June 26, 2017, from Da Lat, Vietnam
My brother and I often debate this. Are the people of this world better off today than before, or worse off? He’s on the positive side of this and I am on the negative side.
The answer is both, of course, depending on what segment of our global population, what factor of progress, and what two points in time are being compared.
In my brother’s defense, there is indeed a very long list of improvements the world has enjoyed, say over the last 50 years: All manner of health outcomes, literacy, transportation, access to technology, constantly reducing prices for physical products, even less conflict in many regions of the world. A very poor family in 1967 might not have had a TV, air conditioning, a decent refrigerator, and no mobile phone, of course, just to mention a few of the notable advancements almost everyone can enjoy.
My concern starts with economic inequality. Global poverty has declined dramatically but most of the reduction is in China and India. In the US, poverty has not declined measurably. In 1967, we had 11.4% of our US families in poverty, and in 2015, 10.4%, a negligible improvement. We have about 40 million Americans living under $25,000 for a family of 4, as an example. I’m sure all will agree it’s really tough to survive on that, no matter where you live in the US. Wages for the bottom 20% of our population have not increased in real terms since 1967.
Of course, I acknowledge that a family of four may have better health care, better 2nd hand car, and TV than the same family had in inflation adjusted equivalent wages in 1967. They may have a mobile phone. You may hold that such a family is better off in eking out an existence.
But two major intangible elements swing the evaluation negative in my opinion: inequality and mobility. Please see previous posts in which I argue that relative status matters, inequality matters. Inequality has skyrocketed across this period. High levels of inequality are tied to slower economic growth, impaired health results, more crime, and other negative outcomes. Even those who continue in disbelief as to the negative impacts of inequality, all seem to believe mobility matters. But in tandem with the increase in inequality, mobility (ability to earn more than your father) has steadily declined across the last 50 years in the US.
While physical products cost less, the important costs have increased dramatically–housing and education. That family of 4 cannot even consider college for their kids. Primary and secondary education is in starved public schools which have deteriorated. They can’t afford to even consider owning a home, and costs in the city have pushed them to slums or to distant suburbs far from good jobs. We’re about to make health care a lot more expensive.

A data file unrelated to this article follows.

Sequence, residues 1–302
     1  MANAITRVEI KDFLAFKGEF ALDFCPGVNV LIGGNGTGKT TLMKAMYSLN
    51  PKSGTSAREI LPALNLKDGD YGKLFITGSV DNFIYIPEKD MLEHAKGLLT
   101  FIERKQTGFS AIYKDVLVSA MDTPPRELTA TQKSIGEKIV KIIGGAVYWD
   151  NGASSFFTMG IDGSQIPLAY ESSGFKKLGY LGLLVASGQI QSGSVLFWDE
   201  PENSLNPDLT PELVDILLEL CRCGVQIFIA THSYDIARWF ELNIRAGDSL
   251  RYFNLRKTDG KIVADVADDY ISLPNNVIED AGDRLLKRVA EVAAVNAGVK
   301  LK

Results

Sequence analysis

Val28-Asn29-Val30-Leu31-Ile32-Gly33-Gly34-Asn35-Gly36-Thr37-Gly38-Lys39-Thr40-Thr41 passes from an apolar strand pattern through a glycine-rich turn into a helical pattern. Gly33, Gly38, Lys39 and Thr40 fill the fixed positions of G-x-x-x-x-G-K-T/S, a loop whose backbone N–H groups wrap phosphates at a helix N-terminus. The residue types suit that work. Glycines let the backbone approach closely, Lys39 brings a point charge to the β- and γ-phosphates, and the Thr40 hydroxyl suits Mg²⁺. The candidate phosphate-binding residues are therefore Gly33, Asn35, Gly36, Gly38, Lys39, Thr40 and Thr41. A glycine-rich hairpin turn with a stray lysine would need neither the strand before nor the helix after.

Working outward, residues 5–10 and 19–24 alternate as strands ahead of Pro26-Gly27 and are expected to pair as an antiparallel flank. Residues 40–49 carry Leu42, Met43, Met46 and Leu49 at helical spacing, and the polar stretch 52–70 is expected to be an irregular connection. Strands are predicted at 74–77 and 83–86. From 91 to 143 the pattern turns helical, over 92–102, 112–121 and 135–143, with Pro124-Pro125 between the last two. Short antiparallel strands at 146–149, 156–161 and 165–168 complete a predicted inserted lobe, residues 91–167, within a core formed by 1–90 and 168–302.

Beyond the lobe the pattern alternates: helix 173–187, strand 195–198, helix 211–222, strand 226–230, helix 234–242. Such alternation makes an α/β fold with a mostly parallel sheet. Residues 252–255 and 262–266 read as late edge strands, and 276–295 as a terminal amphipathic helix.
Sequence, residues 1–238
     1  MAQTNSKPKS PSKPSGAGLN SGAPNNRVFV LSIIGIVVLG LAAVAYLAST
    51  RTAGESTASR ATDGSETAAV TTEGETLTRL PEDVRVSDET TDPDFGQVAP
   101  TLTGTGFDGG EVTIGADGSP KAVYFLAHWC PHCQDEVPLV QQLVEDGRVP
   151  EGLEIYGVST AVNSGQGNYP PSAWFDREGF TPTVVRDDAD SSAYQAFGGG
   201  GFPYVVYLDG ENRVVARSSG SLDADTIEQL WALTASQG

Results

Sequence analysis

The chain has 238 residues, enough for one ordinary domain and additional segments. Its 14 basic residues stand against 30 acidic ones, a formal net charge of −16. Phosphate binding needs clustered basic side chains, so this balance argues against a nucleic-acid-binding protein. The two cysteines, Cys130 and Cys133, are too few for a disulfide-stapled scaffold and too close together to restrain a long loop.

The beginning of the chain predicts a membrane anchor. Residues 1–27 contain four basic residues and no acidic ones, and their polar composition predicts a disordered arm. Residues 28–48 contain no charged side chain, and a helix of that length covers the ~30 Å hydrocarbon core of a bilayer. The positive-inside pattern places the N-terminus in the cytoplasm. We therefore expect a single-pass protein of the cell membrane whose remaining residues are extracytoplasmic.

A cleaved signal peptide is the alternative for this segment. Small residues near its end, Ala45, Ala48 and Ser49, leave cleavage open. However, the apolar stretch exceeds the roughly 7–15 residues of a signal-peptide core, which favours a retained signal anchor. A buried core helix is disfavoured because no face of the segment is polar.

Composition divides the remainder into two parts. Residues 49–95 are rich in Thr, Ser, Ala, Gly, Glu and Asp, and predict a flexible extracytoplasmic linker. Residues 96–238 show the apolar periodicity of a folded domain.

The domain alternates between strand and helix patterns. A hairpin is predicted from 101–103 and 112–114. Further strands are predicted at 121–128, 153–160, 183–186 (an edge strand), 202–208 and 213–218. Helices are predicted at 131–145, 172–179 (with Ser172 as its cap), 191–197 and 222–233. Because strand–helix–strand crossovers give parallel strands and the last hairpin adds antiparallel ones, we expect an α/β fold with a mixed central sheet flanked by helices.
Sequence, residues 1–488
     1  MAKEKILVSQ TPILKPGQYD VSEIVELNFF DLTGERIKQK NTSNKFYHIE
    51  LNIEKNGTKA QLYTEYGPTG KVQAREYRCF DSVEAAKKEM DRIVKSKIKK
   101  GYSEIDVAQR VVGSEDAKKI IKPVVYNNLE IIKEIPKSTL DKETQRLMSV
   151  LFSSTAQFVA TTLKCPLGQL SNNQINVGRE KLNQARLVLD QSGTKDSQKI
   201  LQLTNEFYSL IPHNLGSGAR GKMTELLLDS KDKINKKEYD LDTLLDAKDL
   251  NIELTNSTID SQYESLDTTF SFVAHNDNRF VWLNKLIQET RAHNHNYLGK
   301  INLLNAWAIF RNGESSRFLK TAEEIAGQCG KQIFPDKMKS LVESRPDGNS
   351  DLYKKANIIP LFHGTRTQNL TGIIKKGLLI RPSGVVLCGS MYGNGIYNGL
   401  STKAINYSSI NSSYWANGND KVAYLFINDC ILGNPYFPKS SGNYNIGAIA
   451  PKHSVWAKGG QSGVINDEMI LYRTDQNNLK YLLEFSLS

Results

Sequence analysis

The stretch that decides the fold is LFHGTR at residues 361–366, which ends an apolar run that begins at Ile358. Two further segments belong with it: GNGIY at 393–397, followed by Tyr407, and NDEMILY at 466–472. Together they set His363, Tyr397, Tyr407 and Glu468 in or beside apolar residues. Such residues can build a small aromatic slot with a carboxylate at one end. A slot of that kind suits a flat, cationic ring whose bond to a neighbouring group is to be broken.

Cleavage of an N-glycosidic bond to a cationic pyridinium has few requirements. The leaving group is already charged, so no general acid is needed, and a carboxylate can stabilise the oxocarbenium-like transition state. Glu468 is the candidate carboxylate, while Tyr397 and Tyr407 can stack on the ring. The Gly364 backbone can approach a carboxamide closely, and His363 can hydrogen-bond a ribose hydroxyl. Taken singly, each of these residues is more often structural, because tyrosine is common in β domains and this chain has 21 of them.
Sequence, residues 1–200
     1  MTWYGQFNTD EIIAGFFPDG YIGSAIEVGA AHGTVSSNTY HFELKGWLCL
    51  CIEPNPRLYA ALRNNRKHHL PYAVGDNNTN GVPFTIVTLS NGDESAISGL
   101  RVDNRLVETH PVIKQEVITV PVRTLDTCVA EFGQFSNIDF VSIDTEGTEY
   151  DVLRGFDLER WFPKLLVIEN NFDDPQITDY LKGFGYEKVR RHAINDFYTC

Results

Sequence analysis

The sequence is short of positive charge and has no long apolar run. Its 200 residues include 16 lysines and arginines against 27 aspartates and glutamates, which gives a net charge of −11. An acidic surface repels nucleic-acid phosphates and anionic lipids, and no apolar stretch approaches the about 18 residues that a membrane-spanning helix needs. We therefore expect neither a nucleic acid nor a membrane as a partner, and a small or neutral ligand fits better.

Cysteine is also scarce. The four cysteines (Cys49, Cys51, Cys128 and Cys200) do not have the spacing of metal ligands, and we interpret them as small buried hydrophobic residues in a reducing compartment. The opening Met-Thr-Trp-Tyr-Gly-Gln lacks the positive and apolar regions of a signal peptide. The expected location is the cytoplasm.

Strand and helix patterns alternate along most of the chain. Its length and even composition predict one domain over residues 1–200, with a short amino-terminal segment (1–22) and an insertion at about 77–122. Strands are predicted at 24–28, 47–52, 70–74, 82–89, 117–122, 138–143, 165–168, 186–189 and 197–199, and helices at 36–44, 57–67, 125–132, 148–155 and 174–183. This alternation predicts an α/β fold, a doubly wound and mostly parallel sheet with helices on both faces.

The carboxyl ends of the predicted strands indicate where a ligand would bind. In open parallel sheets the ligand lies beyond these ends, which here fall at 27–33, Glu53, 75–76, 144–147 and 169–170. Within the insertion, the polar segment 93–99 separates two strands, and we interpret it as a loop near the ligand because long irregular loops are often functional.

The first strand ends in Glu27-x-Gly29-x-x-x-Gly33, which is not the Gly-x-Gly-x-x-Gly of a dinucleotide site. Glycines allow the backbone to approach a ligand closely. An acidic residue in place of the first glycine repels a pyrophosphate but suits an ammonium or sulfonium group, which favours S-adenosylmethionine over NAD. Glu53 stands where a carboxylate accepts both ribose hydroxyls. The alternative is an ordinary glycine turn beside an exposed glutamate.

My brother, my sisters, and I are clearly better off than in 1967. We had good public educations, went to college, landed good jobs, enjoyed improving health care, raised families, all of whom went to universities. We clearly enjoy a much better life than my parents’ family did in 1967. But I see how much harder it is for my children to find and land solid jobs, how much more in annual income equivalent is necessary to buy a home and to send my grandchildren to the best schools.
Will the future be better or worse? Climate change, terrorism, global conflict, inequality, mobility…? At the end of this semester, I discussed my primary concern with a Harvard professor I respect. “Will inequality increase because of robotics, automation, self driving vehicles, artificial intelligence, machine learning, etc.?” He said he’s cautiously optimistic that will not happen. He referred to the way the abundance of agricultural workers no longer needed (when automation came to farming) were absorbed over a few decades into factory jobs. But as to how something like this could happen in the advancing digital age, he did not have a theory. I’m worried.
Whether you think we’re better off or worse off, whether the future will evolve beneficially or harmfully, without intervention, what difference does it make? The implications of taking a stance are probably significant. If you think we’re better off, perhaps you don’t see a need to invest heavily in fixing the problems. If you think the opposite, perhaps you are more motivated to influence change.
I want change. Hoping for a miracle is not satisfactory.